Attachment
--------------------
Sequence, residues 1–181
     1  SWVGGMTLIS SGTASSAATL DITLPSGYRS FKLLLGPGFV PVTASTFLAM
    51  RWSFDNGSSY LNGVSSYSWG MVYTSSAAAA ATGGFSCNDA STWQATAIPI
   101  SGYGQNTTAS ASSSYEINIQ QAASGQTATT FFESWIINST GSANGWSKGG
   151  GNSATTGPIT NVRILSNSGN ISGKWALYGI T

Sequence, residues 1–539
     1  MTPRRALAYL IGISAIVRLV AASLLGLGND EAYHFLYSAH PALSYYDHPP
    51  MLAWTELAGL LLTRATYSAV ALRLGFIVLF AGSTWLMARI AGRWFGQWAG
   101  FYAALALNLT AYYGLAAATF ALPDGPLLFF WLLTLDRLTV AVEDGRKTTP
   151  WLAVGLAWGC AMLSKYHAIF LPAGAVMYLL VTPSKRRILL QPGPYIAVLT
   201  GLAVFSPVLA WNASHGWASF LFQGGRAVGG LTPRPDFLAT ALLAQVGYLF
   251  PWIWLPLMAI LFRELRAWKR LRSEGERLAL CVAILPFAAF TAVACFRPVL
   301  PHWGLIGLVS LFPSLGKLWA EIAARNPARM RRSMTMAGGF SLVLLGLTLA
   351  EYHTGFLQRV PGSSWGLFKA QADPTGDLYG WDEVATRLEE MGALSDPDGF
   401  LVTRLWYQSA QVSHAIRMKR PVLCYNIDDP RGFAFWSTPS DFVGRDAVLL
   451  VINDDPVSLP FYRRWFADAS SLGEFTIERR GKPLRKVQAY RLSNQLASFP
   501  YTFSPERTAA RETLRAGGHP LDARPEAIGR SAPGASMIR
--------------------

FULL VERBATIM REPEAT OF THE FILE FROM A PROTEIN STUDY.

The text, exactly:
Sequence, residues 1–181
     1  SWVGGMTLIS SGTASSAATL DITLPSGYRS FKLLLGPGFV PVTASTFLAM
    51  RWSFDNGSSY LNGVSSYSWG MVYTSSAAAA ATGGFSCNDA STWQATAIPI
   101  SGYGQNTTAS ASSSYEINIQ QAASGQTATT FFESWIINST GSANGWSKGG
   151  GNSATTGPIT NVRILSNSGN ISGKWALYGI T

Sequence, residues 1–539
     1  MTPRRALAYL IGISAIVRLV AASLLGLGND EAYHFLYSAH PALSYYDHPP
    51  MLAWTELAGL LLTRATYSAV ALRLGFIVLF AGSTWLMARI AGRWFGQWAG
   101  FYAALALNLT AYYGLAAATF ALPDGPLLFF WLLTLDRLTV AVEDGRKTTP
   151  WLAVGLAWGC AMLSKYHAIF LPAGAVMYLL VTPSKRRILL QPGPYIAVLT
   201  GLAVFSPVLA WNASHGWASF LFQGGRAVGG LTPRPDFLAT ALLAQVGYLF
   251  PWIWLPLMAI LFRELRAWKR LRSEGERLAL CVAILPFAAF TAVACFRPVL
   301  PHWGLIGLVS LFPSLGKLWA EIAARNPARM RRSMTMAGGF SLVLLGLTLA
   351  EYHTGFLQRV PGSSWGLFKA QADPTGDLYG WDEVATRLEE MGALSDPDGF
   401  LVTRLWYQSA QVSHAIRMKR PVLCYNIDDP RGFAFWSTPS DFVGRDAVLL
   451  VINDDPVSLP FYRRWFADAS SLGEFTIERR GKPLRKVQAY RLSNQLASFP
   501  YTFSPERTAA RETLRAGGHP LDARPEAIGR SAPGASMIR